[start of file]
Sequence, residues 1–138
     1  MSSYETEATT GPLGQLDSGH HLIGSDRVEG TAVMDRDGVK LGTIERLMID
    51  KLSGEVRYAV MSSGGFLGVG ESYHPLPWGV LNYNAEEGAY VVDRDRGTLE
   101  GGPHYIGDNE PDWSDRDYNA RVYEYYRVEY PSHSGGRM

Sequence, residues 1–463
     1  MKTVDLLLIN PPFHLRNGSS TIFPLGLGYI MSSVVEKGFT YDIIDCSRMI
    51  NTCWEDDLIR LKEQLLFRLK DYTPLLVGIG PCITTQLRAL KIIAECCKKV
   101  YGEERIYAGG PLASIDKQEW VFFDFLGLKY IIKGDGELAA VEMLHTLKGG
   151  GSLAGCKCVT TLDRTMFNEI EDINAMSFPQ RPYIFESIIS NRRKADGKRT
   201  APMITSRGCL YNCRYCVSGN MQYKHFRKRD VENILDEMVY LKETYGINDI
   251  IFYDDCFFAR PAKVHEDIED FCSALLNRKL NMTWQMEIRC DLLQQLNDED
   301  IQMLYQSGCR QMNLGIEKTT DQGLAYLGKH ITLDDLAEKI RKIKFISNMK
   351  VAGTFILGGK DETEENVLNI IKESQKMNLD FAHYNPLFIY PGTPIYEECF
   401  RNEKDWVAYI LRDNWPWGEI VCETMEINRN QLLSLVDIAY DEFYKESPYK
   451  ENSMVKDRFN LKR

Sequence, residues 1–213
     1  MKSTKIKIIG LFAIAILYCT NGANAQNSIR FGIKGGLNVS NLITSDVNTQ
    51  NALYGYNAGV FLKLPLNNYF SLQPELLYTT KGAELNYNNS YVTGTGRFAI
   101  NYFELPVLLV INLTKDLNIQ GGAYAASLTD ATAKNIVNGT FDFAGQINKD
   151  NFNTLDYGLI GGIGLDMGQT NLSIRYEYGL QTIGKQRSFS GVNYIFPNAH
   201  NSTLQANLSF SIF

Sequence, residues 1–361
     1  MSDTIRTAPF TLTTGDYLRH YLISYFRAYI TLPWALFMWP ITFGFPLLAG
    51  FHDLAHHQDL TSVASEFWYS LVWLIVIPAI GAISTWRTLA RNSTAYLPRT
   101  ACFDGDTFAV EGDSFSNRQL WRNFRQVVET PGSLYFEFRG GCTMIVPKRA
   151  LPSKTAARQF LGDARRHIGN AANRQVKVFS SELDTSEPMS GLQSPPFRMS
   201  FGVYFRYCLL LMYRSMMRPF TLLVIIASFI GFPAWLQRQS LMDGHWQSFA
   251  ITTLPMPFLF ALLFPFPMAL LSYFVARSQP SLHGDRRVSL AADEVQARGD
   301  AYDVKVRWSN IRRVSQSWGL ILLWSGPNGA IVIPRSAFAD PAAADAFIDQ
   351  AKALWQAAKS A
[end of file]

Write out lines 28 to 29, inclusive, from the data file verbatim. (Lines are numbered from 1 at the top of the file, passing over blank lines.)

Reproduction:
   251  ITTLPMPFLF ALLFPFPMAL LSYFVARSQP SLHGDRRVSL AADEVQARGD
   301  AYDVKVRWSN IRRVSQSWGL ILLWSGPNGA IVIPRSAFAD PAAADAFIDQ